IGP denies crime rate is on the rise
KUALA LUMPUR, July 6 — Inspector-General of Police Tan Sri Ismail Omar today refuted claims by some quarters that the crime rate in the country is on the rise based on the crime cases reported by the media including social media.
He said the claims were not true because statistics obtained from the state and district police, as well as international platforms like the Genuine Progress Indicator (GPI), showed the effectiveness of measures to combat and reduce crime in the country.
“If there are quarters who are still not convinced by what has been done by the Royal Malaysian Police since the implementation of National Key Result Area (NKRA) initiatives to reduce crime two years ago, they can refer to the reports including that issued by GPI.
“And yesterday, international panellists attending the two-day meeting on Review of Crime Reduction 2012 through the NKRA also agreed with what we have done,” he said after the Bukit Aman federal police headquarters’ greening programme, here, today.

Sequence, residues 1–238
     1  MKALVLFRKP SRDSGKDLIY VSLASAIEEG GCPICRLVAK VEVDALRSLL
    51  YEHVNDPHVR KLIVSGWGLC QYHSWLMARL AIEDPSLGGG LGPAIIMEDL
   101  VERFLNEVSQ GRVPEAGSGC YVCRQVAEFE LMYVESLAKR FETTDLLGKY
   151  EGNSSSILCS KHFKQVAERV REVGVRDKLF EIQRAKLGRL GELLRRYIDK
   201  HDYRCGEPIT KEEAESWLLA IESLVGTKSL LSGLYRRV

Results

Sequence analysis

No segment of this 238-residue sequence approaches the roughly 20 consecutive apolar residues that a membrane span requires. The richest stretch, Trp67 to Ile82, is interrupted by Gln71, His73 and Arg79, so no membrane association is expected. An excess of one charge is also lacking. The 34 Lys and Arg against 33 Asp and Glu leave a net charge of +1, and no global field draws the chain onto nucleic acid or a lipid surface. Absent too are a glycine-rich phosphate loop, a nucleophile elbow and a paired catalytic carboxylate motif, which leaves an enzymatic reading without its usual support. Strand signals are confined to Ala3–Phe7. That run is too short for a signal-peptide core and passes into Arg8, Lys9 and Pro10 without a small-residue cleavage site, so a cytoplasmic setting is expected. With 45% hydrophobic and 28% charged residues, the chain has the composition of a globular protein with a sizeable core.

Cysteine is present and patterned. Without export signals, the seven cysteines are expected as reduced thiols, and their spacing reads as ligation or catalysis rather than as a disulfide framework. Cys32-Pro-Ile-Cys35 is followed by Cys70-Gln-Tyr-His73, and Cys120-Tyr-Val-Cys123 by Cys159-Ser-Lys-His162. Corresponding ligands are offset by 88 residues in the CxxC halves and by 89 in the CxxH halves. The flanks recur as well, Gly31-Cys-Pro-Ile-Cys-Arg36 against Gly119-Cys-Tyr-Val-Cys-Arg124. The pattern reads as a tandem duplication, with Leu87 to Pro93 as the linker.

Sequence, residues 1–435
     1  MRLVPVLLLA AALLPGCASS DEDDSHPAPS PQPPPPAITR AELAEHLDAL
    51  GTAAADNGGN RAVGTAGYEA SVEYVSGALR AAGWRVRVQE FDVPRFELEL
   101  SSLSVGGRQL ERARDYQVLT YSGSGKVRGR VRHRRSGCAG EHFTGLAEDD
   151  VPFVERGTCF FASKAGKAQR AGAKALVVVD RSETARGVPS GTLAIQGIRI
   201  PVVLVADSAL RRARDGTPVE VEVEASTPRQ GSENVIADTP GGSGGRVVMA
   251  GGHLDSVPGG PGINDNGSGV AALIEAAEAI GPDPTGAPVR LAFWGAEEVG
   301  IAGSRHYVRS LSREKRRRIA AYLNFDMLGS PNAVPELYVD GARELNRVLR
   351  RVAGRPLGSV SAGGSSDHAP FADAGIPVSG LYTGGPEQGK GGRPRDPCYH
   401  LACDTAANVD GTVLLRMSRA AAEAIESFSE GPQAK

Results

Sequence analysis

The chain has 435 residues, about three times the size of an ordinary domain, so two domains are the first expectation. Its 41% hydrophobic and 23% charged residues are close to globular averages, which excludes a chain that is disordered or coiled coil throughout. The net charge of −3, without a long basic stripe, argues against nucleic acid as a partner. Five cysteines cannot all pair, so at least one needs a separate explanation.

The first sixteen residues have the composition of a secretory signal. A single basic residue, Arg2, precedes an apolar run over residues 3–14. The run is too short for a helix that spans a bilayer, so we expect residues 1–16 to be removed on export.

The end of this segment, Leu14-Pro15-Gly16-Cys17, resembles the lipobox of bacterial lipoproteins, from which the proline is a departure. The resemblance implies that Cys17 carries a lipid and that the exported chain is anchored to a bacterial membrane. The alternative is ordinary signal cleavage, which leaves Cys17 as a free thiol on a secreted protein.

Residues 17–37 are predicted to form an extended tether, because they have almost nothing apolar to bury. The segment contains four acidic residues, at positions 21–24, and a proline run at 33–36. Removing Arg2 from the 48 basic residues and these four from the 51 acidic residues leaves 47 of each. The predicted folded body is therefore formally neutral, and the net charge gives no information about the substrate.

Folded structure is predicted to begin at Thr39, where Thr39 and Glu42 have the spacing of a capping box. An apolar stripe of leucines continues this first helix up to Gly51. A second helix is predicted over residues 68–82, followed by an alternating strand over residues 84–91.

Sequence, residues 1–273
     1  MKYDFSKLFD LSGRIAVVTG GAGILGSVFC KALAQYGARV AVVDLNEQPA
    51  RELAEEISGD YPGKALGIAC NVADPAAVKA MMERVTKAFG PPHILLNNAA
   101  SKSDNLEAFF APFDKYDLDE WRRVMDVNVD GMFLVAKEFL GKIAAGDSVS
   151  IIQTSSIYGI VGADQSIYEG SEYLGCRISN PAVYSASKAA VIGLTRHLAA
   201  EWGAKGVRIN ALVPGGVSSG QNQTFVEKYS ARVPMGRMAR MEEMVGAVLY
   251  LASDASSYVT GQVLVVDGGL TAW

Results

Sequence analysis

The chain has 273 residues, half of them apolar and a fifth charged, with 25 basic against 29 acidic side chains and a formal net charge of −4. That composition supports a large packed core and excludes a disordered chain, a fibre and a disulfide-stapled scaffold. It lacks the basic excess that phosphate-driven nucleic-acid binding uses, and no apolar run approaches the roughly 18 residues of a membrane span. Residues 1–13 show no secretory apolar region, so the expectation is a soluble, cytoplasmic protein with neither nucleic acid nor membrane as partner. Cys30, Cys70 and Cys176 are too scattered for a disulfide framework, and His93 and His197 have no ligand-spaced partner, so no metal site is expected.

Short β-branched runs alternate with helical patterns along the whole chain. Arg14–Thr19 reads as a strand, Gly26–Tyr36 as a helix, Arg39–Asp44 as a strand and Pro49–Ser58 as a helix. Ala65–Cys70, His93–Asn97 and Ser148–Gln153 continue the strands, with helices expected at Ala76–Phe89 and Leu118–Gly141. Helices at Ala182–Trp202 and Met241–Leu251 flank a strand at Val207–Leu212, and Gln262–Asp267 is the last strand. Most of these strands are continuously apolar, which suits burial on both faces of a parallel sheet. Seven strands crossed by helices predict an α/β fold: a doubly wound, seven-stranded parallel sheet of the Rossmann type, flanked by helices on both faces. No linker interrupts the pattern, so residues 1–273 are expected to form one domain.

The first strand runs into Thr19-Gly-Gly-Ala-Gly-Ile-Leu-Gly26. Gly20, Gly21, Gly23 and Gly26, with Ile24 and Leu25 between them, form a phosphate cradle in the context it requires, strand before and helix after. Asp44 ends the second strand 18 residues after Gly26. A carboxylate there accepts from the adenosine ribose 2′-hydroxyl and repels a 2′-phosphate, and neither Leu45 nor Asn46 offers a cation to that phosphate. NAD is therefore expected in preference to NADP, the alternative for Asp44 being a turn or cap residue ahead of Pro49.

The international meeting was also attended by Hong Kong police director of management, SAC Tang How Kong, and former head of the Anti-Terrorist Branch of the New Scotland Yard, Peter Clarke.
“The safety of the community is our priority and I admit that crime does occur but not to the extent as exaggerated by some quarters to cause public fear.
“Each crime report received is analysed daily to ensure maintenance of public safety,” said Ismail (picture).
He said to further improve security maintenance PDRM had sent its personnel to European countries like Sweden and the United Kingdom and also to Hong Kong and Singapore to seek new methods to reduce the crime rate in Malaysia.
Meanwhile, Ismail did not dismiss the possibility of the involvement of locals in the smuggling of migrants from war-torn countries into Malaysia by syndicates which also involved Australians.
However, he was confident that with closer Malaysia-Australia cooperation through the signing of a memorandum of understanding last year, cross-border crime could be curbed. — Bernama